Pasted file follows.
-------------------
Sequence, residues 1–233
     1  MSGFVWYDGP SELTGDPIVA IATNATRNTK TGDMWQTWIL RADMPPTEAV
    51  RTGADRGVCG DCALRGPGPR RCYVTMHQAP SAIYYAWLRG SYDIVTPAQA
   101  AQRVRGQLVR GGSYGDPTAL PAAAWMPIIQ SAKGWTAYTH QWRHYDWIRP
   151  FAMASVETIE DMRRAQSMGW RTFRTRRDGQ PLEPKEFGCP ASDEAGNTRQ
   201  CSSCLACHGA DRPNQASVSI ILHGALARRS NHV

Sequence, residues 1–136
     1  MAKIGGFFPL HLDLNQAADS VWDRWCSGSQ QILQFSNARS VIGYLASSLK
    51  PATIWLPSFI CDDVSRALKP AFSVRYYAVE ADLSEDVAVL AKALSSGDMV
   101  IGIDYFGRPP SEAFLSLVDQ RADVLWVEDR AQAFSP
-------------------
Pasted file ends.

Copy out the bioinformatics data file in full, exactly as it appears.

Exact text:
Sequence, residues 1–233
     1  MSGFVWYDGP SELTGDPIVA IATNATRNTK TGDMWQTWIL RADMPPTEAV
    51  RTGADRGVCG DCALRGPGPR RCYVTMHQAP SAIYYAWLRG SYDIVTPAQA
   101  AQRVRGQLVR GGSYGDPTAL PAAAWMPIIQ SAKGWTAYTH QWRHYDWIRP
   151  FAMASVETIE DMRRAQSMGW RTFRTRRDGQ PLEPKEFGCP ASDEAGNTRQ
   201  CSSCLACHGA DRPNQASVSI ILHGALARRS NHV

Sequence, residues 1–136
     1  MAKIGGFFPL HLDLNQAADS VWDRWCSGSQ QILQFSNARS VIGYLASSLK
    51  PATIWLPSFI CDDVSRALKP AFSVRYYAVE ADLSEDVAVL AKALSSGDMV
   101  IGIDYFGRPP SEAFLSLVDQ RADVLWVEDR AQAFSP